On the other end of the rankings, Sacred (Christ Church Cathedral), University Church of St Mary the Virgin and St Columba's United Reformed Church all scored as a '5', the highest rating, with anonymous testimony from Sacred (Christ Church Cathedral) saying that it is 'encouraging to meet other LGBTQ+ Christians in a space where you know you are fully accepted.'

Content in the report also raises the issue of conversion therapy and its link to churches and spiritual spaces. Government research, published in October 2021, found that the most common methods identified involved spiritual methods, such as prayer 'healing' and pastoral counselling, and psychological methods, such as talking therapies. Conversion therapy appears to be most commonly carried out in religious settings, by either individuals or the organisation. The government reported that whilst there is no robust evidence to support claims that conversion therapy is effective, there is an increasing amount of quantitative evidence that exposure to conversion therapy is statistically associated with poor mental health outcomes.

About 5% of people who responded to the UK-wide LGBT Survey in 2018 said that they had been offered some form of conversion therapy, whilst that figure was 10% for Christian respondents, and 20% for Muslim respondents. The government says that it will ban all forms of conversion therapy in England and Wales, after criticism for previous plans which excluded transgender people from the ban. The Faith Report from the Oxford Safe Churches project highlights how several churches in Oxford signed a letter opposing the government's proposals of a ban, due to concern that areas of Christianity would become criminalised through a conversion therapy ban. In 2022, 6 of the 18 Oxford signatories of a letter responding to the Government's proposals of a ban on conversion therapy were from St Ebbe's leadership.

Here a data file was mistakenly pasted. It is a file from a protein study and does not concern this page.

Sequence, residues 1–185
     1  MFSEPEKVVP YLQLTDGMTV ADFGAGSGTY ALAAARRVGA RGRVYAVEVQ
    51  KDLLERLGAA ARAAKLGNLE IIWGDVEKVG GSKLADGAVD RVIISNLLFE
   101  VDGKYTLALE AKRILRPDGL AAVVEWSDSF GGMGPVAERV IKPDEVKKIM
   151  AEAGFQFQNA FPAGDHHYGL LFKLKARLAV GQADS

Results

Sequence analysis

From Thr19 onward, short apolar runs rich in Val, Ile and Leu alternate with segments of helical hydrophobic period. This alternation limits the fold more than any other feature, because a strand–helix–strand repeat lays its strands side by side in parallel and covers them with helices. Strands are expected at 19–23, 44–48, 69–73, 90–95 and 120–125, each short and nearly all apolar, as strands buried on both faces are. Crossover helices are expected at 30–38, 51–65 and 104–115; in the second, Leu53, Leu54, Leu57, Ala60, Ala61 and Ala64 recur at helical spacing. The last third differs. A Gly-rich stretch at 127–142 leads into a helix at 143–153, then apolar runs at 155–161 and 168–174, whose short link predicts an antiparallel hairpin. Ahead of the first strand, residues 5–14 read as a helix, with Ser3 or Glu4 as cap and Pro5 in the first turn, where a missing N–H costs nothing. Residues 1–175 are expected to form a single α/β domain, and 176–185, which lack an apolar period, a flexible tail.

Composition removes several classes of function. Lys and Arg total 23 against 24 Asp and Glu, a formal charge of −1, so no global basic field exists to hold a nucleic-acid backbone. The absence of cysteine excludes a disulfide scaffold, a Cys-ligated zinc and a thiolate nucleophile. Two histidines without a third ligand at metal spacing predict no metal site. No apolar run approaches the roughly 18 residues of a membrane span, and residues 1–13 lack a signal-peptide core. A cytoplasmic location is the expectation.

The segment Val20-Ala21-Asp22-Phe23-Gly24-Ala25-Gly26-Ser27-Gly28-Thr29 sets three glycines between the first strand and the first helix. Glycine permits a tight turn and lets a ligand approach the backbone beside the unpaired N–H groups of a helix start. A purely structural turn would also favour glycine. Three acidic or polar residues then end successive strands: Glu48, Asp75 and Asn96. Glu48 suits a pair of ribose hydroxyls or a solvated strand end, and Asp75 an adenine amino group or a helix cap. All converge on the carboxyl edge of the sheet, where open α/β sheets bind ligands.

The report, which has already been covered in The Times and the Church Times, could bring attention to the trauma caused by non-inclusive experiences for LGBTQ+ individuals, and the continuing prevalence of conversion therapy, as many figures do not necessarily reflect the true number of people impacted. This is due to the lack of legal definition and reluctance to share experiences that may be traumatic for the victim to speak about.

The Times also commented on Christian LGBT rights campaigners saying that they want to see the 'important' project copied nationally, showing the potential scale of the project. This would not only equip LGBTQ+ individuals with the information to allow them to practise their faith in a safe environment, but also bring important attention to the need for greater support of LGBTQ+ people of faith, particularly in instances where conversion therapy is normalised and practised.

To read the full report: https://www.oulgbtq.org/uploads/1/1/0/3/110317091/oxford-safe-churches-report.pdf